Barely into his 20s, Ryan MacKenzie is one the country’s most multi-talented musicians. Best known as a pianist, his fluency takes in folk, jazz and classical, as both soloist and accompanist, while his repertoire of skills and experience includes musical direction, conducting, orchestration and arranging, across the realms of theatre, musicals, dance, TV and radio. Thanks to this prodigious versatility, Ryan has already performed with such celebrated artists as Susan Boyle, John Owen-Jones, Kerry Ellis, Marisha Wallace, Christina Bianco, Carrie Hope Fletcher, Barbara Dickson, Eddi Reader, and Mica Paris. Other leading names on his CV include Disney, Sir Cameron Mackintosh, Andrew Lloyd Webber, Arlene Phillips, the BBC, the National Theatre of Scotland, and the Royal Scottish National Orchestra.
Ryan was born and raised in the small fishing town of Buckie, around the coast from Aberdeen. Right from his earliest encounter with the piano, at primary school, it was love at first sight. “The teacher used to play during music classes, and I was just instantly fascinated,” he says. “I nagged and nagged and nagged at my mum to get me lessons, and when I did start learning, I seemed to take to it really quickly. I loved it – I never needed moaning at to practise.”
He went on to study at the Royal Conservatoire of Scotland, with Nadia Boulanger alumnus Norman Beedie, Irish trad-rooted pianist Mary McCarthy, folk/jazz innovator Hamish Napier, and jazz/fusion luminaries David Milligan and Euan Stevenson. Throughout his time at the RCS, initially on its groundbreaking degree course in traditional music, Ryan’s creative range continued to expand in multiple directions. During his first year, he made his first foray into orchestration, creating arrangements for the annual RCS showcase concert at the world-famous Celtic Connections festival – which involved legendary accordionist Phil Cunningham as artistic director. Thanks to Cunningham’s recommendation, Ryan has subsequently performed in, and orchestrated material for, the Royal Scottish National Orchestra’s hugely popular annual Scottish-themed concerts, also featuring Aly Bain, Eddi Reader and Barbara Dickson.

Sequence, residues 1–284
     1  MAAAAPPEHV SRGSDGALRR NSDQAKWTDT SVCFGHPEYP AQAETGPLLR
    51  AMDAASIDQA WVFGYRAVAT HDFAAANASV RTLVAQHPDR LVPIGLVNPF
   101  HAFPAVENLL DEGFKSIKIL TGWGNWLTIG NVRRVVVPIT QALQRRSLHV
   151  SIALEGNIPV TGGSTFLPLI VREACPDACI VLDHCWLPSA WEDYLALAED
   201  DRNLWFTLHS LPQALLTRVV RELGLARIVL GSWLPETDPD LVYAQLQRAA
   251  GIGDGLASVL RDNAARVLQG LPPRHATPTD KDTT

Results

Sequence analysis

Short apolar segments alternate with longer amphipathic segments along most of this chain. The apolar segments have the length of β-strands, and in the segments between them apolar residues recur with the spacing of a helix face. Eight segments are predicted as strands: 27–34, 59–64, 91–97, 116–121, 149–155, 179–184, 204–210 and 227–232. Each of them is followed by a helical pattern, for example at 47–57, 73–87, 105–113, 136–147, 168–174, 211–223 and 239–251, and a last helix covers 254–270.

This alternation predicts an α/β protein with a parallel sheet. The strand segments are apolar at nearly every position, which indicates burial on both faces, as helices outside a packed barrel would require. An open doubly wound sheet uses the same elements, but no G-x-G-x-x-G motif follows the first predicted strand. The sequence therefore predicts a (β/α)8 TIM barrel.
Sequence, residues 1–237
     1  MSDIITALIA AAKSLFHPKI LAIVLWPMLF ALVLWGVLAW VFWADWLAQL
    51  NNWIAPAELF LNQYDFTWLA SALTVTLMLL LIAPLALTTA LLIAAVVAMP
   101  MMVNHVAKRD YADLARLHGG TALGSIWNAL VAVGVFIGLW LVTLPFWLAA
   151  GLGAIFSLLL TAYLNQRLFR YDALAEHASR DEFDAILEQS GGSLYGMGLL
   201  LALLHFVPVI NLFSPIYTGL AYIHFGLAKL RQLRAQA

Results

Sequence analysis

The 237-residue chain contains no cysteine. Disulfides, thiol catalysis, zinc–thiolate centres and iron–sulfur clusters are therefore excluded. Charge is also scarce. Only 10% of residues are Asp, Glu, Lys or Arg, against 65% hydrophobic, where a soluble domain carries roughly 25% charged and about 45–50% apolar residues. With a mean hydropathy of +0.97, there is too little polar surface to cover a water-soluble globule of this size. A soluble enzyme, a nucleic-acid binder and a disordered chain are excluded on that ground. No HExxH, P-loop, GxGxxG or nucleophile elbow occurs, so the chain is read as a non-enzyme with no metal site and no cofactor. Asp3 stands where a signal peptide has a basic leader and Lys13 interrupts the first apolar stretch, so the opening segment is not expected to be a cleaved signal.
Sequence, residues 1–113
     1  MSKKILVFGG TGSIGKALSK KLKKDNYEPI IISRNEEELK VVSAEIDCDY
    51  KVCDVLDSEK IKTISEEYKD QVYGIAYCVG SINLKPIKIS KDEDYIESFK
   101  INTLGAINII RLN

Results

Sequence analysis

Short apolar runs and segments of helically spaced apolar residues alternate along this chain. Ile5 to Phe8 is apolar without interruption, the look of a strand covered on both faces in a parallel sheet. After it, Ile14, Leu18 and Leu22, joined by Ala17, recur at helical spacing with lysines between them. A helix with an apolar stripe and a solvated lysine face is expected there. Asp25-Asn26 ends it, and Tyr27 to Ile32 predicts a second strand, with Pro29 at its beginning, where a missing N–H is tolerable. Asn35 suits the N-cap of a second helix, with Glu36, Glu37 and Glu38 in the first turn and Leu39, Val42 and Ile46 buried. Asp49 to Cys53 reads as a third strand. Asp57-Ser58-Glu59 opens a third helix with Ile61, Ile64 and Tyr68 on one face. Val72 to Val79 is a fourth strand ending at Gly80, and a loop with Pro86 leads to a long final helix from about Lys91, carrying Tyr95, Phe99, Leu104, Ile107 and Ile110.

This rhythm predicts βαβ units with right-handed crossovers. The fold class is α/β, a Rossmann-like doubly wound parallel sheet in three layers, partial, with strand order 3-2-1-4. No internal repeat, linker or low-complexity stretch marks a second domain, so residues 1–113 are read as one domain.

Having transferred in his second year from the traditional music course to the more performance-based classical piano programme, Ryan was hired by the drama department as a freelance accompanist, meanwhile still working with classical singers and instrumentalists among his fellow music students, and playing for education and community projects run by Glasgow’s Citizens Theatre. He also found time to make his conducting debut – aged just 19 – as musical director for a production of West Side Story by a local company back home, hailed by one reviewer as “a formidable performance. . . a real triumph of musical theatre.”
As regards his own studies, by now Ryan was adding jazz to his mastery of classical, folk and theatrical styles, with tutoring from Euan Stevenson. “The jazz side has given me a totally different perspective on how music works,” he says. “It’s something I definitely want to keep exploring.” During his third and fourth years at RCS, he was also studying arranging and orchestration with the prestigious Berklee College of Music, and crafted brand new arrangements for the conservatoire’s production of Brigadoon, calling on his traditional background to produce an updated Scottish score.
By the time Ryan completed his undergraduate degree in July 2017, he had already served several stints as a keyboard player in the West End revival of Guys and Dolls, the international tours of West Side Story and Mary Poppins, and the national tour of Wonderland. Moving to London shortly after graduating, he spent his first few months working with Andrew Lloyd Webber and Arlene Phillips on the 30th anniversary version of Starlight Express and touring as music director to YouTube sensation, Christina Bianco. Most recently, he conducted West End Does: Bond, starring John Owen-Jones, Marisha Wallace, and Rob Houchen among other West End names, played piano on Carrie Hope Fletcher’s debut album, When The Curtain Falls, and was one of the music supervisors on The Heart of Hollywood, which had a three week run at The O2 and is set to begin a five year world tour.